“When we were occupied, when the Russians came here, she went to volunteer as a nurse to the hospital to help out. She was on her way back, they didn’t need help, and as she was crossing the bridge – back then we lived by the riverside – there was an armed Ruskie standing opposite her. He stopped her and invited her somewhere. She had to learn Russian, it was compulsory at school, she had to graduate [from it], she was an excellent student, so she learnt everything perfectly just as her mother did before, so she understood him perfectly and retorted in perfect Russian that he should go search in Moscow, not Prague. And he pointed his gun at her and “suchi”, or however the Russians say it. Luckily, an officer was passing by and saw it happen. He realised what was going on, leapt up to them, turned the weapon away, and the shot went off into the air.”
“Dad went down with a fever, and he was friends in Dachau with Josef Čapek, who was also there from the beginning. And if Karel Čapek had still been alive, he’d have been there too. And Josef Čapek saved my father’s life. He found out that Dad had disappeared, and he asked one German guard, of whom it was known that he wasn’t in the SS but that he was recruited from prison – Dad also said: ‘all Germans aren’t the same’ – so he asked him if he knew what had happened with Dad. And he said: ‘He’s dying.’ And he told Čapek that he was down with a fever and that he was upward of forty [degrees Celsius]. But Čapek, when they came to arrest him, he’d prepared a bag, and he’d smuggled some pills into Dachau, especially ones to treat fevers. He sent Dad those pills via the German. The agreed that the German would hide him, Dad said they were stuffed away behind a chimney somewhere, and that he’d tell him how many pills to take. He arranged with another Czech to respond during roll call, when they’d call out Dad’s number. Čapek organised this and saved my dad.”
“It’s not true, as they wrote in papers again the other day, that Čapek died of typhus. He didn’t. Čapek was killed by the German, Dad told me that. The turned Dachau into a camp primarily for clergy – several prayer houses of various churches were built in Dachau after the war. Buchenwald was being built, it was finished, and all the Czechs were taken from Dachau to Buchenwald because it was big. Dad and Čapek were transported there as well. And Čapek was still alive in March ’45. In March the Germans took him somewhere and brought him back to the crematorium in Buchenwald. They killed him. [Q: You said that your dad claimed that Josef Čapek didn’t die of typhus...] They write it was typhus. Dad didn’t say what he died of, but he expressly told me: ‘They murdered him, Bergen-Belsen.’ And because I guess Bergen-Belsen didn’t have a crematorium, they had to burn him here. [Q: But theoretically it’s possible that they took him to Bergen-Belsen, where he contracted typhus, died of typhus, and then they brought him back, no?] Yeah, but he’d have died – no, this happened pretty quick somehow. It wouldn’t have been such a fast death.”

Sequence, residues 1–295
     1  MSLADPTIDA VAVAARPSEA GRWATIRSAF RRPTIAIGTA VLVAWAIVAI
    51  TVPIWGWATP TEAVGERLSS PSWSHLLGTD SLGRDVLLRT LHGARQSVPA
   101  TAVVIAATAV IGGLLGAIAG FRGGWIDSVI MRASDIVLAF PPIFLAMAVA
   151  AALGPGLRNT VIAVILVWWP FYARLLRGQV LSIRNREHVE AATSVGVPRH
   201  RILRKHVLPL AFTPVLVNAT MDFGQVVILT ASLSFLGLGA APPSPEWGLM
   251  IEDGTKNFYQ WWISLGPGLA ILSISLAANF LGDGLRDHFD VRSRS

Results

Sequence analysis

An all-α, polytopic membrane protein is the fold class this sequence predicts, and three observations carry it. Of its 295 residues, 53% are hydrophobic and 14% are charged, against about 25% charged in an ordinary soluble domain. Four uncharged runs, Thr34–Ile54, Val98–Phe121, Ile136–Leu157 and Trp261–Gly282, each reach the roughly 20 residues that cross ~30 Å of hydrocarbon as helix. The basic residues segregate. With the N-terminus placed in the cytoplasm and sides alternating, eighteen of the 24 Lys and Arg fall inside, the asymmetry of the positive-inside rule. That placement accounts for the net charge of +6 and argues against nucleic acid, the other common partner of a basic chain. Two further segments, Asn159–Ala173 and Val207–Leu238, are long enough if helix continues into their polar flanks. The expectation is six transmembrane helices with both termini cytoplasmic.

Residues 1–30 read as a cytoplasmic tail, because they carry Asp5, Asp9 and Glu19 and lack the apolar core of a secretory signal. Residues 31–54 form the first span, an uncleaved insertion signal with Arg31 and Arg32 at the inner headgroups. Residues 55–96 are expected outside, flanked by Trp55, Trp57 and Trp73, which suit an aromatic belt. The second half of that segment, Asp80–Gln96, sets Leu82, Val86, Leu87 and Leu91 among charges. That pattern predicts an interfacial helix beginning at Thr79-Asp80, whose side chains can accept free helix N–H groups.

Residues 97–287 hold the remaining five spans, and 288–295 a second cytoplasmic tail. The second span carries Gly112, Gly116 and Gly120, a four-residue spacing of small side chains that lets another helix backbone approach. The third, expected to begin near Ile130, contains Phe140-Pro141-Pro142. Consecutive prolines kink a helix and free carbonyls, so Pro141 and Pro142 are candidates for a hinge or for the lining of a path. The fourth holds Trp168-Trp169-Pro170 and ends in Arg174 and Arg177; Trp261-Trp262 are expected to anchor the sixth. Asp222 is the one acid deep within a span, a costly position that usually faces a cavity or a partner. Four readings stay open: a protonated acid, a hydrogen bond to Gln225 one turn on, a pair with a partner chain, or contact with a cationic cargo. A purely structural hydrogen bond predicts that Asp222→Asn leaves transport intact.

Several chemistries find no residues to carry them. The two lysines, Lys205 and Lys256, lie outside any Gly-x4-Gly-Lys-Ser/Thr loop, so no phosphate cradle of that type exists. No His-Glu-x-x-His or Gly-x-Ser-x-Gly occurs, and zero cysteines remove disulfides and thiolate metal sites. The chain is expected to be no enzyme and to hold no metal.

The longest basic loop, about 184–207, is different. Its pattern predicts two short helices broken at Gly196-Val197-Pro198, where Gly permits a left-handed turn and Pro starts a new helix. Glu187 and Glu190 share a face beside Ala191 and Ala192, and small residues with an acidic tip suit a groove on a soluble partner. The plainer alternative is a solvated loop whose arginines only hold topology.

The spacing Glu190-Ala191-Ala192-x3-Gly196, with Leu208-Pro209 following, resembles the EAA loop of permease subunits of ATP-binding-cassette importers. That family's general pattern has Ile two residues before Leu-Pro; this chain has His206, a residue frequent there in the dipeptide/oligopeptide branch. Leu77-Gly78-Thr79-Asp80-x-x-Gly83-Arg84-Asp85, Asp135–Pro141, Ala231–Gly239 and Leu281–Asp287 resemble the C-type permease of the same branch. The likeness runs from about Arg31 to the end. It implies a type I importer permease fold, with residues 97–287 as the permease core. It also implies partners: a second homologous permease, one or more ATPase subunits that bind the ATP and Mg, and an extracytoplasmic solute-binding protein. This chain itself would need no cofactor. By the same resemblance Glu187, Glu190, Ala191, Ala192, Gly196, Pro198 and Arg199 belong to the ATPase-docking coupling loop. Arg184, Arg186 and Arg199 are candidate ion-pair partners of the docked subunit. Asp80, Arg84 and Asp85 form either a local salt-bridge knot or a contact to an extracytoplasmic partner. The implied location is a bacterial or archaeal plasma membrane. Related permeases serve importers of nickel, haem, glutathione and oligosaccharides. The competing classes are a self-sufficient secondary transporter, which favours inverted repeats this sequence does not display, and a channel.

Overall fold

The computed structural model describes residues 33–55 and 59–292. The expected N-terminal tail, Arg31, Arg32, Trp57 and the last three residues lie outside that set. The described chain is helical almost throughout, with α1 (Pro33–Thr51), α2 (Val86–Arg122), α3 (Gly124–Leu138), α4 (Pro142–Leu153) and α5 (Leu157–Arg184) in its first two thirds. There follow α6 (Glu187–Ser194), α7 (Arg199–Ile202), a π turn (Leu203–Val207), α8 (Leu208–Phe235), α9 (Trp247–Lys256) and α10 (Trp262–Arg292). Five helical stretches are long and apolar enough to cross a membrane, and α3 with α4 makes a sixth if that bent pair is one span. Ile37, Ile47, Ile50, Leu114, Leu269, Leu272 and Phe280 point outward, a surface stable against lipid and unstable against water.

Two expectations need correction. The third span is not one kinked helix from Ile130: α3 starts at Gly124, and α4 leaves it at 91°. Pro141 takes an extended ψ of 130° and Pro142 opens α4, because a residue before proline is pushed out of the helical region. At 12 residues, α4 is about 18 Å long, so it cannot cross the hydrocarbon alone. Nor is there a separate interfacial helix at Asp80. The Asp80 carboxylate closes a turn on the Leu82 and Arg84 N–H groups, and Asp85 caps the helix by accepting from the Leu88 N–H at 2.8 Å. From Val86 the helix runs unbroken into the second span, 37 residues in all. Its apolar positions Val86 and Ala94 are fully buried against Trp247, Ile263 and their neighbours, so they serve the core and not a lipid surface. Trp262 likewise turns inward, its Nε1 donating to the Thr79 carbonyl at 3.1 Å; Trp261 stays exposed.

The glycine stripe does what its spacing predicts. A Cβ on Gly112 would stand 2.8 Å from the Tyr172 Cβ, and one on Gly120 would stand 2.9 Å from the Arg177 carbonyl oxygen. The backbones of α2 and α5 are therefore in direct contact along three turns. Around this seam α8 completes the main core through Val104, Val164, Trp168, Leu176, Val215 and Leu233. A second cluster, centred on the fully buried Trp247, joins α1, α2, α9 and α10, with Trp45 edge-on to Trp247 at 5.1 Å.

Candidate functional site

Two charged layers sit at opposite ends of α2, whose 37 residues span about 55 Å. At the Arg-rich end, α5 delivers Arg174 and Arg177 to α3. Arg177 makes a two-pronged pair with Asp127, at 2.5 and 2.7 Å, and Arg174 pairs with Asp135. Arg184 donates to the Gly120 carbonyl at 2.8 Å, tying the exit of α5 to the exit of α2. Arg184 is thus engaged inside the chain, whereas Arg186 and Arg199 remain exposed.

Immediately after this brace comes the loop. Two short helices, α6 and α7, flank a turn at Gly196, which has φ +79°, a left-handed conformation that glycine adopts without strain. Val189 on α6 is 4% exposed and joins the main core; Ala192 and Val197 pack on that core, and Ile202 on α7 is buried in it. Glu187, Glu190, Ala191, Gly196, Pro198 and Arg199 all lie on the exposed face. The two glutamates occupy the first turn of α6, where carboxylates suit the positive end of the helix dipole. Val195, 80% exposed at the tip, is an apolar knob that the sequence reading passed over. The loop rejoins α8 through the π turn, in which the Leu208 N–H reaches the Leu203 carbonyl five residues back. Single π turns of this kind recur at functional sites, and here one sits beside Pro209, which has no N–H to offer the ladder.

“You didn’t recognise a stetsec [State Security officer or agent - trans.]. We didn’t even recognise the one who started work on 1 July in Berlin together with us, and it wasn’t until 1970, much later, when everyone – him included – was fired that he confessed with the words, I repeat: ‘Roman, I’m a big bastard.’ He was sitting in our place with a glass of wine, we were chatting, we used to meet up as friends with him and his wife. Roman responded: ‘Come off it, what’s that nonsense’ and so on. ‘No, I have to confess, my conscience is gnawing at me. I was a stetsec planted to inform on you. That’s why I went to Berlin with you on the same day, because it was my duty to monitor you and give reports.’ [Q: And at the time when they travelled there, did he pretend he was a friend?] He was a friend for years! They were colleagues. And yet Milan Tokár was many years younger than us. About twenty.”
Miloslava Smolíková, née Veckerová, was born on 24 May 1927 in Načeradec. At the age of five, she lost her mother, who died of myocarditis; when she was eleven, she lost her father as well, who was taken away by the Gestapo in March 1939 for his explicit opposition to the annexation of the Sudetes and the Nazi occupation. His father was interned in the Dachau concentration camp, where he befriended Josef Čapek, and later in Buchenwald, where he joined in prison resistance efforts. After the war Miloslava joined the Communist Party of Czechoslovakia (CPC) and married Roman Smolík, who worked at the press department of the Ministry of Foreign Affairs. However, the political trials of the 1950s brought disillusionment to the Smolíks, and they were put under surveillance as „enemies“. In the years 1966 to 1968 they lived in East Berlin, where Roman Smolík was employed as a secretary at the Czechoslovak embassy. In 1968 he organised a protest there against the Soviet occupation and was subsequently fired, accused of the crime of abuse of power and aiding unauthorised entry in to Czechoslovak territory; he and Miloslava were expelled from the CPC. The witnessed worked as a secretary - during WW2 at the Masaryk Social Studies Society, after the war at the Central Committee of the CPC, and after 1968 at the Rail Workers House in Prague-Vinohrady. Throughout the whole time of the Communist rule, Miloslava Smolíková‘s family was monitored and persecuted. She now lives at the Sue Ryder Home in Prague-Michle; she has two children and several grandchildren and great grandchildren.